3 surprising ways exercise boosts creativity

Fidget fitness

Despite the world’s advice, I’ve never exercised. I practised ‘fidget fitness’ - mucking around, doing fun stuff, and struggling to sit still. Although my brain goes a million miles an hour, I thought of physical energy as a limited resource, to be weighed out by the gram.

Lately, though, I’ve been craving physical exertion. Then, to everyone’s shock, I joined a gym. And I love it! It turns out: Exercise specifically helps creative people. Here’s how…

Get better sleep

Creative people often have minds that don’t want to switch off. We may be sensitive to noise and light, have vivid dreams, and our imaginations invite us to think about terrifying things at 3am. 

I’d always noticed that I slept better on the days I’d done something physically demanding. Exercise makes you sleep better (science says!) Luckily, you can generate this on purpose.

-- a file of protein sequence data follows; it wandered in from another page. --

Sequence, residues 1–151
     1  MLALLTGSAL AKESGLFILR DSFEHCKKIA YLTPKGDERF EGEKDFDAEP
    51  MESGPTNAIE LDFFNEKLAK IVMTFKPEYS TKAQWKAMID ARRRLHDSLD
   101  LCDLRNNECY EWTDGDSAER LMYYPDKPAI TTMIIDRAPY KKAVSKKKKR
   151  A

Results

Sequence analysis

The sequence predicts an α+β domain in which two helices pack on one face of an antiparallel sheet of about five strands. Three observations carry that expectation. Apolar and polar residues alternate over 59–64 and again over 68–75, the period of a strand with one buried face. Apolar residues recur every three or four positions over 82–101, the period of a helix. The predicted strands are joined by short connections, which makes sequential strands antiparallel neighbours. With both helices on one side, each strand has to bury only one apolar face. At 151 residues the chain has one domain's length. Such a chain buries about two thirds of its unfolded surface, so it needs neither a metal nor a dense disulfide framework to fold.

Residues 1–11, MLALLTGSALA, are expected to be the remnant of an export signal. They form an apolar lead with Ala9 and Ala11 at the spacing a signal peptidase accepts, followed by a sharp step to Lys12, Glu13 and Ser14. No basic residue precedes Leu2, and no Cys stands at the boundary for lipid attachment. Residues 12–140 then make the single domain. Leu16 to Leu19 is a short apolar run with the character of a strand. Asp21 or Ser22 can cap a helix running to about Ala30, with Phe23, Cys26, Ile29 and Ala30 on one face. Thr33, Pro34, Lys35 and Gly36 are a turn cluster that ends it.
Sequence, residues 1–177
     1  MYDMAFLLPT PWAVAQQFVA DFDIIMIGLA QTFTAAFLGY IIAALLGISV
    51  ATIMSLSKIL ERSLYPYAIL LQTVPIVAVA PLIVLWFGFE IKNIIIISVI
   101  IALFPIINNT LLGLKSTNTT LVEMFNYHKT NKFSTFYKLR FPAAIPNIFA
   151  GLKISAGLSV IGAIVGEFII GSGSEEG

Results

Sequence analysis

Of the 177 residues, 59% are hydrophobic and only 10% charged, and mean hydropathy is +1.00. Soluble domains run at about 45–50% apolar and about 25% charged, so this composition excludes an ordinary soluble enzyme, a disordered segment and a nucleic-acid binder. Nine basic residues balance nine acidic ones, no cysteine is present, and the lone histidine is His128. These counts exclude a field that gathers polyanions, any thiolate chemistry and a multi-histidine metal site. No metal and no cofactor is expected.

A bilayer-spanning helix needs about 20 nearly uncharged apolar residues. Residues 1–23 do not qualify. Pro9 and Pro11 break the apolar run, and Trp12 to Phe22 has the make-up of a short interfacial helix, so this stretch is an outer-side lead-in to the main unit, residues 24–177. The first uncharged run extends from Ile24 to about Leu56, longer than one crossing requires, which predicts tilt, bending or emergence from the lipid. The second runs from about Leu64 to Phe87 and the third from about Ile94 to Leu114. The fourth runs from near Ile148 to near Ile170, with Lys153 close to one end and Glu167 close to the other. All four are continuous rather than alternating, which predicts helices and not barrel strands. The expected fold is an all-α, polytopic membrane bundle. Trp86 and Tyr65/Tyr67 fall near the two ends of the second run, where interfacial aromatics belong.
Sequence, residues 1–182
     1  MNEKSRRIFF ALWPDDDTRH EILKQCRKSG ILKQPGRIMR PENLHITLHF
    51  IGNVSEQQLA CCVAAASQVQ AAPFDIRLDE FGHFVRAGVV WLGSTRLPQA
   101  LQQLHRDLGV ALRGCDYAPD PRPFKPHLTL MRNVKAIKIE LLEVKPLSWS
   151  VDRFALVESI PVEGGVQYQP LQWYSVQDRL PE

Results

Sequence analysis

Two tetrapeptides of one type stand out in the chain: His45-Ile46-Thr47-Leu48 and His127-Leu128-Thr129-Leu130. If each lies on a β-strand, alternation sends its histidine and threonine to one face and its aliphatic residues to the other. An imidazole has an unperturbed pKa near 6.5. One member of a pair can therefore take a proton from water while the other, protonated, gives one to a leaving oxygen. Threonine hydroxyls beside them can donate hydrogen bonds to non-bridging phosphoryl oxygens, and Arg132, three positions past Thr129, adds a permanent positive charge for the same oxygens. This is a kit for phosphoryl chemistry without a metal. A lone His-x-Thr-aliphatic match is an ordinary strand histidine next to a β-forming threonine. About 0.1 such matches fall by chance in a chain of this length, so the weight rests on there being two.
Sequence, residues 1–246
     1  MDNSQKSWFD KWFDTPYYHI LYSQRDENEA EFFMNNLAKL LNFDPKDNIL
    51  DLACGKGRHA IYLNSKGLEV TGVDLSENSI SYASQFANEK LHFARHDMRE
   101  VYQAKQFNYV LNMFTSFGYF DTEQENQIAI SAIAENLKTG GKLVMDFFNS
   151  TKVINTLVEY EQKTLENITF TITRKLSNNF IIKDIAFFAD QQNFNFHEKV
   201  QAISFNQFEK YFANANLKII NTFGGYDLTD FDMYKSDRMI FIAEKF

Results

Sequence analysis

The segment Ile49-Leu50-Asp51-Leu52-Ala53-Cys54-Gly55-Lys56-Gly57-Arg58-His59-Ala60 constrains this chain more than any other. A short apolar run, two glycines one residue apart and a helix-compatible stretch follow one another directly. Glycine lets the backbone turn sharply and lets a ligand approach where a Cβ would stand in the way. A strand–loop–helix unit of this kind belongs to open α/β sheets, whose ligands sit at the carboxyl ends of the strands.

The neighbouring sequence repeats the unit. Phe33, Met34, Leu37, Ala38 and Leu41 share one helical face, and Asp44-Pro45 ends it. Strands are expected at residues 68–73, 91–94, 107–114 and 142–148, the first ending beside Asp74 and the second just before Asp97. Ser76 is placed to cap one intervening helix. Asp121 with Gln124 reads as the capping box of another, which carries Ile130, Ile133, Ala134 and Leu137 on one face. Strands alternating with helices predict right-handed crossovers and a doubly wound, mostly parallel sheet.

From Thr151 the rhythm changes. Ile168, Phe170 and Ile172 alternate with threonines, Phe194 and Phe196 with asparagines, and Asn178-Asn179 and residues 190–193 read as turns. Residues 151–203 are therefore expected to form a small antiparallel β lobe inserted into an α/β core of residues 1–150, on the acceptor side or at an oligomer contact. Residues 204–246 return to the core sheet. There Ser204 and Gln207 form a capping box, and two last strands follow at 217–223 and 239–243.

Cope better with risk

Creativity is full of risk: committing to unknowable outcomes, braving resistance, sharing your work, talking about what you do…And where there’s risk, there’s nervous energy. 

Now, when I’m moving towards something that calls me and freaks me out equally, I take little steps. Between them, I do something physical and it calms me down again. Exercise is a simple way to manage the adrenalin that comes from stepping into the unknown.

Get more comfortable with feelings

Emotions are crucial for most creative people. But sometimes they seem overwhelming - and then we have feelings about our feelings! 

When you have emotions, you can feel your heart, your chest, your guts, your skin. Exercise also requires that you experience your body instensely. But because you’re choosing it, you have a soothing sense of control.

You can practise reassuring yourself that you’re safe, even while experiencing intensity within the body. This skill helps you stay with, experience and process intense feelings.


In What I talk about when I talk about running, Haruki Murakami talks about building up his stamina for creative work, just as he does when preparing for a marathon. 

Much as I love this metaphor, I’m never going take up running. But being more curious about my physical experience brings me new insights, feeding my creative work. This is the biggest benefit of all.